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Extremely Rare Knives of the 16th Century Will Teach You How to Sing


Notation Knife. ca. 1550. Artist unknown. Victoria & Albert Museum.


Notation Knives, c. 16th century, artist unknown. Fitzwilliam Museum. (Photo: (Johan Oosterman)

Extremely Rare Knives of the 16th Century Will Teach You How to Sing
It’s no longer exactly musical chairs, but this Renaissance-generation cutlery can deliver a tune at any table setting. Dating back to the 16th century, these extraordinarily uncommon knives are engraved with musical scores whole with lyrics. On one facet is a benediction that may have been sung earlier than a meal, after which a grace on the reverse facet that turned into sung after consuming. As an example, the knife underneath reads: “The blessing of the table. May the three-in-one bless that which we are about to eat.” And the other side reads: “The saying of grace. We give thanks to you God for your generosity.”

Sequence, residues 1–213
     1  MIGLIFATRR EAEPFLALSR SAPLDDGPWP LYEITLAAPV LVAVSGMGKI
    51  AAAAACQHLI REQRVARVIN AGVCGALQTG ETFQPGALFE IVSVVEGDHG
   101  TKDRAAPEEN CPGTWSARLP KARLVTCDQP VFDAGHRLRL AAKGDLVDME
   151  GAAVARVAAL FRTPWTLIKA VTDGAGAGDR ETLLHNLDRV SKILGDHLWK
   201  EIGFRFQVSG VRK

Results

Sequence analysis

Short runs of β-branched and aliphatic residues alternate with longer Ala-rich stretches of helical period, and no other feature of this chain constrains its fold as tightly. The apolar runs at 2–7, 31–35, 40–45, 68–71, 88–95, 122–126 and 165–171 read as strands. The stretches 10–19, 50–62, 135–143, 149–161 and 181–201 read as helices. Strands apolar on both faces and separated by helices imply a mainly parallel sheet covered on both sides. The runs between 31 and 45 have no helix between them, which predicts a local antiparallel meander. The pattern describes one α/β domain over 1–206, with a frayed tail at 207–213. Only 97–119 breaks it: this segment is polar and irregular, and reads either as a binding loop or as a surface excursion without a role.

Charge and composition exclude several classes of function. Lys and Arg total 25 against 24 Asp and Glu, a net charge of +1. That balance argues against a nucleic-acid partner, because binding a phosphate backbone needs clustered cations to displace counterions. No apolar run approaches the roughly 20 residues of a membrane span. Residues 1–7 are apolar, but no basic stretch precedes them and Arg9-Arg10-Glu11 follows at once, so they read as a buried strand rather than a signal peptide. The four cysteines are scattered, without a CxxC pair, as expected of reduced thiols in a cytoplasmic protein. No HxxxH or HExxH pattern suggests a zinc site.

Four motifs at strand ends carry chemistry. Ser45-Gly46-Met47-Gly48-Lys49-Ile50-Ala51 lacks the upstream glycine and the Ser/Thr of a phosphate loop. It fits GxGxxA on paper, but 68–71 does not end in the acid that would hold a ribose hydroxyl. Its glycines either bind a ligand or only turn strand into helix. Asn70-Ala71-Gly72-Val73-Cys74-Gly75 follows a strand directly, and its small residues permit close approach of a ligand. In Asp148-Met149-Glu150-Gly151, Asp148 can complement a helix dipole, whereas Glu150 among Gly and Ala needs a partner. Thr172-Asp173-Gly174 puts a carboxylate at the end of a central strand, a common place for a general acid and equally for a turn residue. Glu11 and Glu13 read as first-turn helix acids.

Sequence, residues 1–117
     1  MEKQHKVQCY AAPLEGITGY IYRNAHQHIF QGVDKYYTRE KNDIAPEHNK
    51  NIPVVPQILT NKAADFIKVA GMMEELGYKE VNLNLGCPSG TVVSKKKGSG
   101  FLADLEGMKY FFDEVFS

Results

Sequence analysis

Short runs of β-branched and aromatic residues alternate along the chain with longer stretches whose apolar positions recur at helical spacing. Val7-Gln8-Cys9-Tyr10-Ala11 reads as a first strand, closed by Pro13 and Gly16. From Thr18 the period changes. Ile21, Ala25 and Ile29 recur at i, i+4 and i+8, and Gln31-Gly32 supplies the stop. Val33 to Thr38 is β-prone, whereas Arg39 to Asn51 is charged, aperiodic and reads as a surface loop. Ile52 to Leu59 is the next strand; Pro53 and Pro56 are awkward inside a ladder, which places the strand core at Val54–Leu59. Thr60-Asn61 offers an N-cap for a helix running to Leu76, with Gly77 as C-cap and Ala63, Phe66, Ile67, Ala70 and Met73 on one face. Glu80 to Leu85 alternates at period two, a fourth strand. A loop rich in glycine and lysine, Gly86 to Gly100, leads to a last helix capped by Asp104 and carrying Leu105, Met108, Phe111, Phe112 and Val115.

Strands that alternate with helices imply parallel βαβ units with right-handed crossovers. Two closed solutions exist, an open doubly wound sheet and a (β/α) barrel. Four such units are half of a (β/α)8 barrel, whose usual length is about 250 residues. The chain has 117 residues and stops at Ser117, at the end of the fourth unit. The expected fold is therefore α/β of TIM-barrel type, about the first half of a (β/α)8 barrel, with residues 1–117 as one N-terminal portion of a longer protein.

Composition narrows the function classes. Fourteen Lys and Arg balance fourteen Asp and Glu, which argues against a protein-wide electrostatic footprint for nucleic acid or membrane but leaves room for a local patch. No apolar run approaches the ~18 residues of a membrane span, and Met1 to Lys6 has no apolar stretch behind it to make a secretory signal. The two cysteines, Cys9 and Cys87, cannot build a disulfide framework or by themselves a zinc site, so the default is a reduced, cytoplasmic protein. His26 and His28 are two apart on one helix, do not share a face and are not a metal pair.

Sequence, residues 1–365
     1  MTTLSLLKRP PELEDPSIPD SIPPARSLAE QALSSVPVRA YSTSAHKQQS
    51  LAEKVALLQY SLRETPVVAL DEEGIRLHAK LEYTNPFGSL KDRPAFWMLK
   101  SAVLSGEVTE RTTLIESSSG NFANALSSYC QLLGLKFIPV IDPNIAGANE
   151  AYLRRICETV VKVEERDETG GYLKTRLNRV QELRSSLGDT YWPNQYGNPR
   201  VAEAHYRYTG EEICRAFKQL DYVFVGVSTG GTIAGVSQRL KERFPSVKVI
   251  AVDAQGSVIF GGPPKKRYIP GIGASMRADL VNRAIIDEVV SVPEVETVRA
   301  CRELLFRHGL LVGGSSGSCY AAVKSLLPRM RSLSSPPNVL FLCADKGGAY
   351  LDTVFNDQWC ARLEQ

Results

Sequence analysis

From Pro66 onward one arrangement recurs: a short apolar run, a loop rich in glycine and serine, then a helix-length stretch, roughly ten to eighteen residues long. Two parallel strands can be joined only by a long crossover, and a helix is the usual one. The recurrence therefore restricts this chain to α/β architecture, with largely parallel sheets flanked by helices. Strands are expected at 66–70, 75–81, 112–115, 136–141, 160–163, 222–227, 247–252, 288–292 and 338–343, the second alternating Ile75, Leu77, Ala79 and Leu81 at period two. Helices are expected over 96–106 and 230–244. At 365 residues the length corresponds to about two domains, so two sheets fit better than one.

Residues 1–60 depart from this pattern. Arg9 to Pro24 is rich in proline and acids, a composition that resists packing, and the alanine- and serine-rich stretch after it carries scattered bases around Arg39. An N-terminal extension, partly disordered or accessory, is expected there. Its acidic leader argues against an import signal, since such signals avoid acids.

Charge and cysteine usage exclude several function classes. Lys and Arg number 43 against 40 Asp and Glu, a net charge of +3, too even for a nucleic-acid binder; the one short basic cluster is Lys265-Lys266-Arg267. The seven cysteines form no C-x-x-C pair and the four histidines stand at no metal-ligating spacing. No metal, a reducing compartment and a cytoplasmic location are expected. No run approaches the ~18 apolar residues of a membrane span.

These simple statements turn into something quite grand when sung. The Royal College of Music recorded the music from the V&A knife to spectacular results.
Knives with musical scores carved on the blades originate from 16th century Italy and are called notation knives. They are present in collections across the world, including these examples from the Fitzwilliam Museum in Cambridge.
  • Grace (Version 1)
  • Benediction (Version 1)
  • Grace (Version 2)
  • Benediction (Version 2)
h/t: (Open Culture)
(I hope this will be the last post of this kind, it’s not my thing!)

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